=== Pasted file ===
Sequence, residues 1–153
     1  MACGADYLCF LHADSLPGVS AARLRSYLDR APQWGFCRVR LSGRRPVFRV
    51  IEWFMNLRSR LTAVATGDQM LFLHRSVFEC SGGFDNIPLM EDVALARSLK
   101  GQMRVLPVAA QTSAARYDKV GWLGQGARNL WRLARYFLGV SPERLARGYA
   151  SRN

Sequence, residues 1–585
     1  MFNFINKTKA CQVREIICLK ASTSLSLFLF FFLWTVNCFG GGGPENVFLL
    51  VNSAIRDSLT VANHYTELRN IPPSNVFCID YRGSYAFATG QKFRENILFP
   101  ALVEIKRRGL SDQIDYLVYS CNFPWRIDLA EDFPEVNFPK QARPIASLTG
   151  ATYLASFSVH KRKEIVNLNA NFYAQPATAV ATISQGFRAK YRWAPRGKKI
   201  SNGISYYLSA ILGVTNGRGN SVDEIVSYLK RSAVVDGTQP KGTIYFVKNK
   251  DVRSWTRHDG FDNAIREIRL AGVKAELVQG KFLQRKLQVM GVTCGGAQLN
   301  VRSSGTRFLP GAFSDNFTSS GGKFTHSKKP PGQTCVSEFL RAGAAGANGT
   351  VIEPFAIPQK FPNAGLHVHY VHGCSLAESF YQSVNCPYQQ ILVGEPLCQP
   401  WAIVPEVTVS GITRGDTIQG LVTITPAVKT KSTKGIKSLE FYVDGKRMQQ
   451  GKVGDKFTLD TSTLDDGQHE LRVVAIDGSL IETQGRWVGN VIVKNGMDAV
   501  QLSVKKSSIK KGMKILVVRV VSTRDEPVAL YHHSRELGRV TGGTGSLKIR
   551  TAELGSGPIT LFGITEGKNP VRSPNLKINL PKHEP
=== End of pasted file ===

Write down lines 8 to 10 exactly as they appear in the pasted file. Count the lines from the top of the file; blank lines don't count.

    51  VNSAIRDSLT VANHYTELRN IPPSNVFCID YRGSYAFATG QKFRENILFP
   101  ALVEIKRRGL SDQIDYLVYS CNFPWRIDLA EDFPEVNFPK QARPIASLTG
   151  ATYLASFSVH KRKEIVNLNA NFYAQPATAV ATISQGFRAK YRWAPRGKKI